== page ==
In a cramped studio in Ravenna, Italy, Takako Hirai runs her finger along the cracks in a mosaic artwork depicting dappled light in a park. The spaces between the tiles, she explains, determine the flow and movement of a mosaic, even more than the arrangement of the pieces themselves — as if meaning were slipping through the cracks to be teased out by the observer. It makes mosaic the perfect medium for embedding the kakushi-e, or hidden images, that the artist from Kumamoto places in her work — both to hide her inner self and reveal it.
“The gaps determine the way the artist wished to express their work,” she says.
Secrets lurk in mosaics from ancient times, and they have been essential to Hirai’s work in Ravenna, home to magnificent sixth-century Byzantine mosaics and today the epicenter of a surprising Italian efflorescence of mosaic as contemporary art.
Since moving to the city in 2005, Hirai has presented her pieces in numerous group exhibitions and this year held her first solo show at the MAR (Museum of Art of the City of Ravenna). Even as she tastes success, however, Hirai finds herself struggling with deep dilemmas, seeking new direction in art, fretting about life “in the lowest Italian tax-bracket” (she supports herself working part-time in a piadina flatbread bakery) and wondering whether she should continue struggling in Italy or start over in Japan. What sustains her is both friendship in Ravenna and the inner life she takes refuge in to produce works of subtle beauty.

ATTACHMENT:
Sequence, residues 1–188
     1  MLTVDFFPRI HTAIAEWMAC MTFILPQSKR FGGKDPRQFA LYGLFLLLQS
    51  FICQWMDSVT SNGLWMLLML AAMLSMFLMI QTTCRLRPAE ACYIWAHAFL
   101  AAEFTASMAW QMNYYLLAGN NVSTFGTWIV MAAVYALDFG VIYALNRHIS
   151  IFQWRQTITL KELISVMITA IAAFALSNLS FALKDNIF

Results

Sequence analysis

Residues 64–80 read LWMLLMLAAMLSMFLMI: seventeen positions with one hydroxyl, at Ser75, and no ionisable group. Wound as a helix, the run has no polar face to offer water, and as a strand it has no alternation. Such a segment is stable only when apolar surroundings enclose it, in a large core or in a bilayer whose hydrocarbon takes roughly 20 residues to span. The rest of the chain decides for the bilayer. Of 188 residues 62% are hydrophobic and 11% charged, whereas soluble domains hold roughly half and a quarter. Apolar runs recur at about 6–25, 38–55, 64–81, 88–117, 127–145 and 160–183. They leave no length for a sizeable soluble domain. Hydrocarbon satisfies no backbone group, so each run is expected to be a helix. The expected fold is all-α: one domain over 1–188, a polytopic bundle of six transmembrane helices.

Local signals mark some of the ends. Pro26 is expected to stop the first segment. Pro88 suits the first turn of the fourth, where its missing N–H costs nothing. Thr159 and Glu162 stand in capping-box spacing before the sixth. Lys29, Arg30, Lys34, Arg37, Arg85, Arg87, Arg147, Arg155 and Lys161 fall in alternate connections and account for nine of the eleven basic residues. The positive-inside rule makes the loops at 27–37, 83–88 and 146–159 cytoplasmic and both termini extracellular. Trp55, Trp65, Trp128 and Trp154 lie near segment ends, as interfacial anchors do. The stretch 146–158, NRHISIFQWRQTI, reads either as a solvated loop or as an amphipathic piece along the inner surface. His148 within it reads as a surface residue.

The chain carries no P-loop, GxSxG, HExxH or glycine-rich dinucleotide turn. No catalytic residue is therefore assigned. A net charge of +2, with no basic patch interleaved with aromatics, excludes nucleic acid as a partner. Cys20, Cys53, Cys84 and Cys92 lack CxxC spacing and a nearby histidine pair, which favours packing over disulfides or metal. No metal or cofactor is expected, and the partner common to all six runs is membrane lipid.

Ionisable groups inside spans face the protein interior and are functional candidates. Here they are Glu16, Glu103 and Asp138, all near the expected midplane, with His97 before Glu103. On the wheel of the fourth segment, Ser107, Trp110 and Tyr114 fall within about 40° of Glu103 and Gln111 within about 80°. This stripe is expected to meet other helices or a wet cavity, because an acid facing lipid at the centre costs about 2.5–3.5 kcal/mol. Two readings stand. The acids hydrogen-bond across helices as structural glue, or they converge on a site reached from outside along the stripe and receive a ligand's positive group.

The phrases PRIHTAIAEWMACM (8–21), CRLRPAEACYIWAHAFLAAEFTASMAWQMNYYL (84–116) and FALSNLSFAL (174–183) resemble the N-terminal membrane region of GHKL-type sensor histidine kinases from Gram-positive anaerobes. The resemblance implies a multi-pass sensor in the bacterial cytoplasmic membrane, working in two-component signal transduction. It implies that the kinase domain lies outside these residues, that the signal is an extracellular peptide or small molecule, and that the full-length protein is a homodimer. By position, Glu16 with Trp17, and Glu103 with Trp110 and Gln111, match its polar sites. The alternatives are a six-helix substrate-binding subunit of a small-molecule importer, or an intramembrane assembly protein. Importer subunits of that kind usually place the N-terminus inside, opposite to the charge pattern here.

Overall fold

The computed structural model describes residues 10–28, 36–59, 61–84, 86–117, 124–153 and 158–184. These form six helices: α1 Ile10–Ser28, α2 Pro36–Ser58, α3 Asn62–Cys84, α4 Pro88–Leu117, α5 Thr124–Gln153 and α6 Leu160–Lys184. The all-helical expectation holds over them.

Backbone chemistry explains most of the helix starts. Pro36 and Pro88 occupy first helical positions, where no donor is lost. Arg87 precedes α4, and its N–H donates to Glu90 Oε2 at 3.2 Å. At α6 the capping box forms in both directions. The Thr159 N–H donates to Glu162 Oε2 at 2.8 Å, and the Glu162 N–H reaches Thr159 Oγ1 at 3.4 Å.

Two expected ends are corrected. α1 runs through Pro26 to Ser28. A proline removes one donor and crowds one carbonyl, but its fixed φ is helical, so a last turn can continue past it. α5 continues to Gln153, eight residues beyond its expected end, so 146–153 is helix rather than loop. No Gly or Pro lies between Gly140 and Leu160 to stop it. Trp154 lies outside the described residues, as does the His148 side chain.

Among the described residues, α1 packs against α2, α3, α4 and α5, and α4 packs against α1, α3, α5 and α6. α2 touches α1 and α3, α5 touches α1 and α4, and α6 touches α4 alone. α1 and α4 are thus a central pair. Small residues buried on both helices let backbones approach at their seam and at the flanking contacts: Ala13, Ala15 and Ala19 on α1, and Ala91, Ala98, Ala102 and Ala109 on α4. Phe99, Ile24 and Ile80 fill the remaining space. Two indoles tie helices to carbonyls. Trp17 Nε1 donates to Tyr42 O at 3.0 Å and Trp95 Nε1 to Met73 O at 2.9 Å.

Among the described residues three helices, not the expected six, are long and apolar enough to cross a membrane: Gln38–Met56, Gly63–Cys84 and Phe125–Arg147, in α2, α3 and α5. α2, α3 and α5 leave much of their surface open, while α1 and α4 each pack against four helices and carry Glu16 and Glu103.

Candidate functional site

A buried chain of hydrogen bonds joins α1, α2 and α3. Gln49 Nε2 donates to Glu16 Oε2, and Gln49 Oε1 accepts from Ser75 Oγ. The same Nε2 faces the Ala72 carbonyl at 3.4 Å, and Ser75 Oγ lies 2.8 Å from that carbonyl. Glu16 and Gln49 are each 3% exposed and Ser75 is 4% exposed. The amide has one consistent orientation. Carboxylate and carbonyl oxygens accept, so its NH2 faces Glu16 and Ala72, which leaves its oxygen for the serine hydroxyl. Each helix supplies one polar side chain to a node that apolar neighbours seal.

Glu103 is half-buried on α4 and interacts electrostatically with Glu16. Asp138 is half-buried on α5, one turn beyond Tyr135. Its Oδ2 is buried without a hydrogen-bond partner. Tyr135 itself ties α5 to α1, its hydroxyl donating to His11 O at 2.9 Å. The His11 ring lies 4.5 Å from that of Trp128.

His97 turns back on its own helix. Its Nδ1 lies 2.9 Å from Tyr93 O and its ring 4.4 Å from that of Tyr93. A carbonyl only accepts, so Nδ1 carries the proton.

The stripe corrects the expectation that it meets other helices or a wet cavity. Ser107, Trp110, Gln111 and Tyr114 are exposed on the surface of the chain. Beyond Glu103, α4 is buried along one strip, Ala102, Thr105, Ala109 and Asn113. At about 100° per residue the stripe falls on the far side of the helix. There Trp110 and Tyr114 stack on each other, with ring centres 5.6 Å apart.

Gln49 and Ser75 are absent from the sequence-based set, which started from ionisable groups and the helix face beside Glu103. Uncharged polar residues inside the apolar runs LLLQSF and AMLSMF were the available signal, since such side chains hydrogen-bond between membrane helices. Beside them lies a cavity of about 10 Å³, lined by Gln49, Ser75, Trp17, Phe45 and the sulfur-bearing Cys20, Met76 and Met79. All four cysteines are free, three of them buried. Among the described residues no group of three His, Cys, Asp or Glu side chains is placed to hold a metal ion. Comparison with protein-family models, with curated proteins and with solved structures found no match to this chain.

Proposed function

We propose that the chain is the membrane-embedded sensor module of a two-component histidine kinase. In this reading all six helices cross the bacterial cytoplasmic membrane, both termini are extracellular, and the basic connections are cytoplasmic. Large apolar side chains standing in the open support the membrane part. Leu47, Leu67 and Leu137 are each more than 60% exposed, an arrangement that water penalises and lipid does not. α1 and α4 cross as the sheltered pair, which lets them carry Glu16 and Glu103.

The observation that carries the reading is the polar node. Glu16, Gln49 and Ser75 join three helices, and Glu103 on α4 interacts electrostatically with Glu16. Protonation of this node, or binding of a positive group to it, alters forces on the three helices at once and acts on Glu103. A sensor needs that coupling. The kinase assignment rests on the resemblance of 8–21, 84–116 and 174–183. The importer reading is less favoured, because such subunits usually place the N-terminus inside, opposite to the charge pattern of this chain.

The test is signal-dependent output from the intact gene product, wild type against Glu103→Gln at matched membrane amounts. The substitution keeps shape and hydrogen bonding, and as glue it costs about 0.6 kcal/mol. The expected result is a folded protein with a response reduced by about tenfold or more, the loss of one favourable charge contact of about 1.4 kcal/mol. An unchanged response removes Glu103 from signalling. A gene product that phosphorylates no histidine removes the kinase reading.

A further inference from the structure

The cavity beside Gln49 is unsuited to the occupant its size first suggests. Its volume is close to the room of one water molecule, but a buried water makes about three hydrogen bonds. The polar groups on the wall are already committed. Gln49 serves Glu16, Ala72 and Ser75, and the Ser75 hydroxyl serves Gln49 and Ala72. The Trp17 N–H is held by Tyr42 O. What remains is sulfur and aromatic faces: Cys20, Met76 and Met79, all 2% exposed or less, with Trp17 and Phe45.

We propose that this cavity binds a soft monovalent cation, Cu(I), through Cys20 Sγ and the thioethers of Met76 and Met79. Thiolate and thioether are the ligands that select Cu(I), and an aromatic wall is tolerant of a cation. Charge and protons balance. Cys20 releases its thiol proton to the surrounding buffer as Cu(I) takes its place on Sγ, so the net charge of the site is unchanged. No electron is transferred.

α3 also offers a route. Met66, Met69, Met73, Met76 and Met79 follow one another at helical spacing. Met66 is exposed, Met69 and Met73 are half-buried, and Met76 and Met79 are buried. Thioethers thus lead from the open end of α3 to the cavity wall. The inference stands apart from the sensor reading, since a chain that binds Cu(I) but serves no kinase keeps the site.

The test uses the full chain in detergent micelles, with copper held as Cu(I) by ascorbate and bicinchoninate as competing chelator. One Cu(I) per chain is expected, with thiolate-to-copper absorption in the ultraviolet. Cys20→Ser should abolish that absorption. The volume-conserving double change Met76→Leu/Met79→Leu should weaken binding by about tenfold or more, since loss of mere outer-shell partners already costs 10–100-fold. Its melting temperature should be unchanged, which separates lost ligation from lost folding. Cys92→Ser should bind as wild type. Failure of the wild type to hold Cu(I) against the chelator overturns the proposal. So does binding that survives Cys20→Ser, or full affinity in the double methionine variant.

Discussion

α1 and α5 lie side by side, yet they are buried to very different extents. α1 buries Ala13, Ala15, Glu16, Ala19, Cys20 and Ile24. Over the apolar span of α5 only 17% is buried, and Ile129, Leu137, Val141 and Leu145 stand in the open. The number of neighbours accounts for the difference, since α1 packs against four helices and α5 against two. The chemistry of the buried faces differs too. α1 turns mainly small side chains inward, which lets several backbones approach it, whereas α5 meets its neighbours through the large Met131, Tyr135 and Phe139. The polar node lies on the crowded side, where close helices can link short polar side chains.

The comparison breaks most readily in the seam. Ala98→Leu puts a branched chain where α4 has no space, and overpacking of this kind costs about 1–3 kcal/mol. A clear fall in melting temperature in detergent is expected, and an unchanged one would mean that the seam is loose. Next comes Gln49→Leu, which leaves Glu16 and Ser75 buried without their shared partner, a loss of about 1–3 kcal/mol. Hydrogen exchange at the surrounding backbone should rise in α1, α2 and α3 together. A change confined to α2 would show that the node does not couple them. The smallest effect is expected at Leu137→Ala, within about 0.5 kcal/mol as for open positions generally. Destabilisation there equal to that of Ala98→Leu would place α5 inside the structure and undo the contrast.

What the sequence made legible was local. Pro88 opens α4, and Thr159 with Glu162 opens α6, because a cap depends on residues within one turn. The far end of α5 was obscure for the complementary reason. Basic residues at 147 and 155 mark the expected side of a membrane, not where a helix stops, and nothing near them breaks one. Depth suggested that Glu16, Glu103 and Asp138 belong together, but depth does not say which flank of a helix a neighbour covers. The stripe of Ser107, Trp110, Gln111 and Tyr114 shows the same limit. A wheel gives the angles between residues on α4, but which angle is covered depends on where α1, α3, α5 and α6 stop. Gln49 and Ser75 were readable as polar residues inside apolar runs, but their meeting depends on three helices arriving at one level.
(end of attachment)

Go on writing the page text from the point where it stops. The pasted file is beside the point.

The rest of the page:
Hirai is a dreamy woman who punctuates her speech with long, reflective pauses that seem the verbal counterpoint to the empty spaces that are the clues to meaning in her work. She spends much time on solitary walks, contemplating trees in parks and dragging home interesting objects such as broken blocks from road construction, chunks of fallen wood and colorful stones from riverbeds. She can come across like a character in a Haruki Murakami novel, pondering dilemmas such as “why was I born a human” and feeling herself adrift in an “inability to plan my life” that results in moments of anxiety as well as creative release.
Currently she is working with an indeterminate green sludge that forms naturally inside marble, carefully cutting the stone with her mosaic tools to extract a substance most artists would consider “muck that gets in the way of cutting uniform tiles.” She arranges these irregular shapes to form an organically growing mosaic — seemingly released from some dark, hidden place.
“This sludge, you don’t know when or where it formed, it’s like a living thing, a thing that entered the stone and took life there,” says Hirai, who studied oil painting at Hiroshima City University. “You don’t know how long it took to take form. I thought that’s amazing. It must have thought how unexpected after all this time to be cracked open and let out, like fate. It was cracked open and discovered by me, to be exposed to the eyes of the world.”
Hirai seems drawn to the strange green sludge perhaps as a metaphor for her own preoccupation in art: the need to shield herself from the world and yet be seen. She struggled in her oil painting to find ways to bring kakushi-e into her work, then found the ideal solution with mosaic. “I have trouble expressing myself clearly,” she explains, tracing the contours of a reclining female figure concealed within a mosaic garden. “So I place myself, hide myself in that green scenery.”
Hirai first encountered mosaic nearly 20 years ago during a study trip to Italy for her university art degree. She chanced upon a mosaic of birds in a church in Rome and fell under its spell.
“It was an ordinary scene, but something communicated very strongly to me,” she says. “I felt I want to do this.”